The welcome signs were out, the doses available — still, time stretched wide between groups of people walking into a pop-up vaccination clinic hosted by the Manitoba Islamic Association.

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The welcome signs were out, the doses available — still, time stretched wide between groups of people walking into a pop-up vaccination clinic hosted by the Manitoba Islamic Association.

Sabawoon Jamdar and two of his sons were among just over a dozen people to get a COVID-19 shot at the Edmonton Street clinic across from Central Park on Monday.

"I have to get my vaccine now," said Jamdar, who received his first dose. "There is (basically) no option."

Sabawoon Jamdar and his two oldest kids, Mohammed (15), About Baker (13) received their first COVID-19 vaccine dose at the Manitoba Islamic Association vaccine clinic at 406 Edmonton. (Mikaela MacKenzie / Winnipeg Free Press)

Sabawoon Jamdar and his two oldest kids, Mohammed (15), About Baker (13) received their first COVID-19 vaccine dose at the Manitoba Islamic Association vaccine clinic at 406 Edmonton. (Mikaela MacKenzie / Winnipeg Free Press)

Community-led pop-up clinics across Winnipeg have not seen enough traffic to use up their available doses. However, they're vital in reaching marginalized groups. Without them, many people wouldn't get vaccinated, organizers say.

Jamdar, 38, had held off; rules are constantly changing around which doses are approved to visit various countries. And then there's the bombardment of information about the virus, he said.

But he and his children want to travel, and he is also worried about the future.

"If you go to a job site, maybe they say it's mandatory," he said. "I don't want to lose my job... I have kids, I have to support my family."

He noted the vaccine is safe, which provided an incentive to get the shots.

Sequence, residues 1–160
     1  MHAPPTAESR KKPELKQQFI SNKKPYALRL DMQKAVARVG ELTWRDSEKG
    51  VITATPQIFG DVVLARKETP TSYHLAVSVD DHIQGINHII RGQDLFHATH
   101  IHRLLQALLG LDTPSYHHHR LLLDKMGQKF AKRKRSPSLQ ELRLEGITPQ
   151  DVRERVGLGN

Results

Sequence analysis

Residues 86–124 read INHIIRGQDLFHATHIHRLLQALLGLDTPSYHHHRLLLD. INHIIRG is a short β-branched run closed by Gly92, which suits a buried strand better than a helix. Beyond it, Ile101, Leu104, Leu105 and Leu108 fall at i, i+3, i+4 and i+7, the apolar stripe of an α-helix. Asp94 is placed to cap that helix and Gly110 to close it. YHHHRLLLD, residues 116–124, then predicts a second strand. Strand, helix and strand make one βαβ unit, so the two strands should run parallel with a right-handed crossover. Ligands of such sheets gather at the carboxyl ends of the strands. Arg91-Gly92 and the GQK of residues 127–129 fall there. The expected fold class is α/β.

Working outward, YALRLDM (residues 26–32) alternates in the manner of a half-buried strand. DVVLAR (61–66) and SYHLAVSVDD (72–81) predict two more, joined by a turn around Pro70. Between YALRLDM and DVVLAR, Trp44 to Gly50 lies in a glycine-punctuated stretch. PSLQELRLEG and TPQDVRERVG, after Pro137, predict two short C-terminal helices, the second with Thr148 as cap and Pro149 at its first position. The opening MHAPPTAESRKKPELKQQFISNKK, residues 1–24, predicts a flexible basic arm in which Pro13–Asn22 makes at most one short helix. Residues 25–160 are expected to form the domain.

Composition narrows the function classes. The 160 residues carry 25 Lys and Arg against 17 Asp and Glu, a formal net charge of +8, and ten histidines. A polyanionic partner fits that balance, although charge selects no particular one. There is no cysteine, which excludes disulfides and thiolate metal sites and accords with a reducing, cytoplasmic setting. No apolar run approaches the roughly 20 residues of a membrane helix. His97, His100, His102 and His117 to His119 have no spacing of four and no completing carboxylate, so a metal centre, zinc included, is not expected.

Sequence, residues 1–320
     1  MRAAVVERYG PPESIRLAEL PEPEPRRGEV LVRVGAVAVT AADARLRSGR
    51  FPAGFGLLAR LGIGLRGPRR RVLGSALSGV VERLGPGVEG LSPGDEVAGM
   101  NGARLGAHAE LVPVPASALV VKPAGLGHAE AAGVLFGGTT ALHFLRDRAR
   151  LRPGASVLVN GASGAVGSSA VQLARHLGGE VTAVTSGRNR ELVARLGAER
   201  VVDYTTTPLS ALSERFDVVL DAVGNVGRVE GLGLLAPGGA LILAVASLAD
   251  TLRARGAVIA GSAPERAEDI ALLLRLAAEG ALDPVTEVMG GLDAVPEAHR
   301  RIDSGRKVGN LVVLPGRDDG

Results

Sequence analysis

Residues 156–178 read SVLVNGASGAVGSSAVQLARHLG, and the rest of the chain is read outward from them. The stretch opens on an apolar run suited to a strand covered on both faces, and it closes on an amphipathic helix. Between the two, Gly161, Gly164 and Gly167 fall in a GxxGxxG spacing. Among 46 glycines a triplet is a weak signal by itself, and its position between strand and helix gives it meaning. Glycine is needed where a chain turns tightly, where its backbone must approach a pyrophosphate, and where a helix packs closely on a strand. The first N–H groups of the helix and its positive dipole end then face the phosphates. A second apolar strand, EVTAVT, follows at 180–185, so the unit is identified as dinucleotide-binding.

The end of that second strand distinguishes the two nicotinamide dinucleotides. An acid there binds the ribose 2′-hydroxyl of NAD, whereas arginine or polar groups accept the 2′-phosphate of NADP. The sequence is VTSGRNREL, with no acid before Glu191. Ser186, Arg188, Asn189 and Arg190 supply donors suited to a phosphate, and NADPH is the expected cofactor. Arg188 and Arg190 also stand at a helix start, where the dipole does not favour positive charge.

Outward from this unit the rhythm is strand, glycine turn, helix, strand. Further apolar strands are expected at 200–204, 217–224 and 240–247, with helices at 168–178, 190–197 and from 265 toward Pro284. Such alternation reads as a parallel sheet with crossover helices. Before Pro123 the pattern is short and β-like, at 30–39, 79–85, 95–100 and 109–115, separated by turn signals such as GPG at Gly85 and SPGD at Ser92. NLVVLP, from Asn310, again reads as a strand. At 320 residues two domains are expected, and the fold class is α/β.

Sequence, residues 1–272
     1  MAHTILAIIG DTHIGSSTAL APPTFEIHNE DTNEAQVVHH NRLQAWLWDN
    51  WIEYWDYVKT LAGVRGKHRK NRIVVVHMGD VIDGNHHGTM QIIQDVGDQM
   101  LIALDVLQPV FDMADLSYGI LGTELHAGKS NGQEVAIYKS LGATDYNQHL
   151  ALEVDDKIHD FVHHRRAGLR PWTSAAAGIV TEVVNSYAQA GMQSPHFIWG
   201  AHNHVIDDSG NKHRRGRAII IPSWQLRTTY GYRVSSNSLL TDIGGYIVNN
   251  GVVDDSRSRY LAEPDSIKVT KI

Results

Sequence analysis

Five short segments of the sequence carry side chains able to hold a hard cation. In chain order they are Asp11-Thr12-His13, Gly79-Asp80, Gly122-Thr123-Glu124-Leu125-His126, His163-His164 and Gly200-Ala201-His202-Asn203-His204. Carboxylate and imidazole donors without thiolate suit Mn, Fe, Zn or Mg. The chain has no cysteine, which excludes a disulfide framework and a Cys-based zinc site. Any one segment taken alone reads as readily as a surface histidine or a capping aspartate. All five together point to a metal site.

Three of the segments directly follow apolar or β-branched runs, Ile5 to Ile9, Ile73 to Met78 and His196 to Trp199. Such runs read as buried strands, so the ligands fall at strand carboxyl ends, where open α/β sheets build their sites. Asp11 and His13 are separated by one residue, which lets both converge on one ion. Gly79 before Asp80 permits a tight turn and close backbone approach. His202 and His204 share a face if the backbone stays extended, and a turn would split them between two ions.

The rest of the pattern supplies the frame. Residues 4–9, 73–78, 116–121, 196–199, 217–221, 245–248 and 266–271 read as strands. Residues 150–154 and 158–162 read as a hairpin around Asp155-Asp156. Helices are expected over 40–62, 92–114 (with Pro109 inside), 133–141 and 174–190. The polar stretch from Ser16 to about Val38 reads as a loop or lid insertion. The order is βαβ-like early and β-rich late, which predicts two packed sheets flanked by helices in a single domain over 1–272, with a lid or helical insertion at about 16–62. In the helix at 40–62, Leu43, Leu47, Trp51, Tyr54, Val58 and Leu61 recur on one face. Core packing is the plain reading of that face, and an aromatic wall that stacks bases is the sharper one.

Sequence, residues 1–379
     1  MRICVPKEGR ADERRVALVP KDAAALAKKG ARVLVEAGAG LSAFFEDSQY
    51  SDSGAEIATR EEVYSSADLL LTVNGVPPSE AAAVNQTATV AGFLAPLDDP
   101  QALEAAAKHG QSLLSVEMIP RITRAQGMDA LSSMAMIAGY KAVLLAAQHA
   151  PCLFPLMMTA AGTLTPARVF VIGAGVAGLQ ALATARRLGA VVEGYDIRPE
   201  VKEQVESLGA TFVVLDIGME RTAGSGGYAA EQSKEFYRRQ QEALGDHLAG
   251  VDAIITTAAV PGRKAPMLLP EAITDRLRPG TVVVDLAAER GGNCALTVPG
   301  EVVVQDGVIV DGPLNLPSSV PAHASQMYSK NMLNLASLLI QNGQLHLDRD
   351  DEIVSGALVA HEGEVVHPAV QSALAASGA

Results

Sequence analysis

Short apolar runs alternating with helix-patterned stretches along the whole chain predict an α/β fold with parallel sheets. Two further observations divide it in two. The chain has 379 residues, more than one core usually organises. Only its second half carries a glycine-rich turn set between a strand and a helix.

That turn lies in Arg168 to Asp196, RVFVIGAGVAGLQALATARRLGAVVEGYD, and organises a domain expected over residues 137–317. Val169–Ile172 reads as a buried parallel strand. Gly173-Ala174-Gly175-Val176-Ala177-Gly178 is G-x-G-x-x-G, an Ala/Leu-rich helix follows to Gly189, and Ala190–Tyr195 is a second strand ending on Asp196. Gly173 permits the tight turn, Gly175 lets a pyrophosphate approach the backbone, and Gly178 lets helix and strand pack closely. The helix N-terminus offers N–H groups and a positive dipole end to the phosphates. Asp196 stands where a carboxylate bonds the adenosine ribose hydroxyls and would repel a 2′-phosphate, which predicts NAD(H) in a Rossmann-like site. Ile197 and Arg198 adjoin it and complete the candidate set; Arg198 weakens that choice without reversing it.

The Manitoba Islamic Association had 50 doses available Monday. Raza Muhammad, the clinic co-ordinator, attributed the slow uptake to the clinic's new location and the vaccination rate. As of Wednesday, 81 per cent of Manitobans had at least one dose, and nearly 75 per cent had received both.

Community-driven pop-up clinics are necessary to meet people where they're at, Muhammad said.

Between Aug. 1 and 17, the province distributed nearly 13,000 doses to pop-up and community-hosted clinics. A provincial spokesperson was unable to provide the number of total doses circulated to such clinics since the beginning of the pandemic.

The Manitoba Islamic Association vaccine clinic provided easy access to COVID-19 vaccines within the community. (Mikaela MacKenzie / Winnipeg Free Press)

The Manitoba Islamic Association vaccine clinic provided easy access to COVID-19 vaccines within the community. (Mikaela MacKenzie / Winnipeg Free Press)

North End community family support group Fearless R2W saw at least 15 people in the first hour of its clinic Tuesday evening in St. John's Park.

"Even if we only had one person, it would've been a win for us," said executive director Mary Burton.

Two Winnipeg Regional Health Authority nurses administered vaccines in a tent. Outside, volunteers and folks who'd received their shots sat at a picnic table and in lawn chairs.

Burton greeted people by name and offered them water and healthy snacks.

"I know there's a lot of people, in the North End community specifically, that are very resistant to listening to government... intervention into their lives," she said.

She used social media to get the word out about the clinic, which she organized with the North End Community Renewal Corp.

"When groups like Fearless R2W and NECRC step up and say, 'Hey, look, we're vaccinated, come get your vaccination — it's safe, it's reliable, you're protecting yourself, you're protecting the community,' then it becomes real to them," she said.